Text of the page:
Anyway, this makes me think of the fact that there is no “Dislike” button on Facebook. Considering the previous mentioned study, it’s probably a good thing.

However, it also leads me again to the beginning of my post and the apparent lack of different opinions and proper public debate on social media.

Why can we only express agreement, but no disagreement?

It might have something to do with the fact, that we are simply not ready.

Yes, it may sound weird. But actually, if you look at platforms, such as news websites with commentary features, where public opinion and debate is apparently encouraged, almost every discussion leads to a point where people get offensive. Greg Jericho , for example, also talks about this in his book. He highlights that trolling and toxic comments, which are argued to made public conversations and debate impossible, can be found everywhere online, especially underneath news articles. So thanks to the Internet’s anonymity, people seemingly just jump on everyone who has simply a different opinion on a topic – in Facebook’s language that would mean – on people who wouldn’t push the “like” button but rather the “I wouldn’t necessarily agree because…” button instead.

So where does this leave us?

Are we really unable to have respectful and constructive dialogue and accept different opinions online?

Can we handle “Dislikes”?

I think, we probably still have to learn it.

Until we are ready… Facebook will just let us keep ‘liking’ things.

A friend of mine recently posted the following picture on Facebook and I think it perfectly relates to this post.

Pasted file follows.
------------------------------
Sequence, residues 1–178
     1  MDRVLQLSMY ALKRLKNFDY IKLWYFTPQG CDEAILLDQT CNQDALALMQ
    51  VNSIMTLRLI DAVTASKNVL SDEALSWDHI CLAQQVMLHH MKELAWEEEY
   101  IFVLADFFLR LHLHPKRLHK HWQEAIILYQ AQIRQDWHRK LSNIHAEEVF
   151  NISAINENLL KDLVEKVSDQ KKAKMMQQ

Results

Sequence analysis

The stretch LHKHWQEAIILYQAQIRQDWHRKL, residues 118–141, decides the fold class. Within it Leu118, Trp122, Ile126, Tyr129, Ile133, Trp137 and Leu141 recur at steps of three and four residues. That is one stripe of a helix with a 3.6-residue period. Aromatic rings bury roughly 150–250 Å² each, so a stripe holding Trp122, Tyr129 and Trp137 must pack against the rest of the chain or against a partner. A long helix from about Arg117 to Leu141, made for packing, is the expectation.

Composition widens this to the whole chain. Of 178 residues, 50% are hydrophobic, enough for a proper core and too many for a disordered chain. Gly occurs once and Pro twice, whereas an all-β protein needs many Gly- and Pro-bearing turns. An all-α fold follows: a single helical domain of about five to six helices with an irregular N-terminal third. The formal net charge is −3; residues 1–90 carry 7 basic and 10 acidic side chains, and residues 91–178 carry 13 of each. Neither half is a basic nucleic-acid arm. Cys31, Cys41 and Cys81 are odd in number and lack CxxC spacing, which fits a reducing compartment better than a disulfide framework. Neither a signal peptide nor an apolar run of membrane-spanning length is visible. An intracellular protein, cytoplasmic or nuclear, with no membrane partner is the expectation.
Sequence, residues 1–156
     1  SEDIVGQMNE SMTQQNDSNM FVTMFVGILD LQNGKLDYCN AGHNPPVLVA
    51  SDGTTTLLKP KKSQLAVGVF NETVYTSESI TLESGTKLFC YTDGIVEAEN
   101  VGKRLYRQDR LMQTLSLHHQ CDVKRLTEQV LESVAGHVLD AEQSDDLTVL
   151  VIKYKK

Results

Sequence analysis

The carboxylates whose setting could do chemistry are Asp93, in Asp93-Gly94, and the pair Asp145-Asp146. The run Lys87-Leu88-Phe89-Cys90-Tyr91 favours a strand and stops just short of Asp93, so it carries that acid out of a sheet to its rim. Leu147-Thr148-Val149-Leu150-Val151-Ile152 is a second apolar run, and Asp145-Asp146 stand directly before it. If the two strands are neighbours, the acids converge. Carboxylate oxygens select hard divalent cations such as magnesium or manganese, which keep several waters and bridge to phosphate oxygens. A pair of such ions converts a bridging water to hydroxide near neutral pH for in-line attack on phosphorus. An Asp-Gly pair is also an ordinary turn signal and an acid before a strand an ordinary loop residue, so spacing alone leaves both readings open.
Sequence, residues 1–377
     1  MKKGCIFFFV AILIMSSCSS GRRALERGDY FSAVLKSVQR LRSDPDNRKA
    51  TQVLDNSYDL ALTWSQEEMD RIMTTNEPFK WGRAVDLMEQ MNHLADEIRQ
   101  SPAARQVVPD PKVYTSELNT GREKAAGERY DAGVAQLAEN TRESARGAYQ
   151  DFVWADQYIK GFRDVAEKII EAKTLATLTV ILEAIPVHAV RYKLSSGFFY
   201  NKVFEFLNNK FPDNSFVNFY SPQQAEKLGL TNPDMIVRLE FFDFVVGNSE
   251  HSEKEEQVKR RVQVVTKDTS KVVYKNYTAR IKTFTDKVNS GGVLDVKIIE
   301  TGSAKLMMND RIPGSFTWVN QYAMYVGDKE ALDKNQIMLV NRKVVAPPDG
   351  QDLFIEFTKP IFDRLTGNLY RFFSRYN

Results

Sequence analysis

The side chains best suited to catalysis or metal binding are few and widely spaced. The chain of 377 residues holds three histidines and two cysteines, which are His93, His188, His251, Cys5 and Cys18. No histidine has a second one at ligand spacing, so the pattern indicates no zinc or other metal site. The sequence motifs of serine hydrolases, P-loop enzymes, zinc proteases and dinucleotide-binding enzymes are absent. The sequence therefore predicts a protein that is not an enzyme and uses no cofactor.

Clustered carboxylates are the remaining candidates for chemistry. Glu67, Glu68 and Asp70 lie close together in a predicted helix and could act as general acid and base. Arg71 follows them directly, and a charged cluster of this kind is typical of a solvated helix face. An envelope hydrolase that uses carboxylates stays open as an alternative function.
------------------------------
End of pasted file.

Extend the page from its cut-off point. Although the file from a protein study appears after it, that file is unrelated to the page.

It makes me laugh because it’s so honestly true.


Other sources:

Fenton, N 2010, New Media, Old News, Sage, London.

Related articles


The future of the future…


In recent years, there have been thousands of panels, conferences and research studies on the future of the media, especially of social media.

What becomes apparent is that the future will be shaped by various factors:

…. new technologies, such as NFC (Near-Field-Communication), smart home applications, or inventions such as Google Glasses and many more…

… continuous innovations around social media and communication tools, such as Facebook’s facial recognition, Snapchat etc. and, which is more interesting, the combination of those…

… as well as changes in consumer usage and habits, such as the increasing significance of photo sharing photos, the trend away from big networks towards rather smaller, niche networks, such as Pinterest,  the continuously rising “selfie culture” and so on and on…

FutureMedia executive director Renu Kulkarni highlights six most critical and distinct trends for the future of media, which, in my view, broadly summarize recent and future developments in an interesting way.


The future of social media is…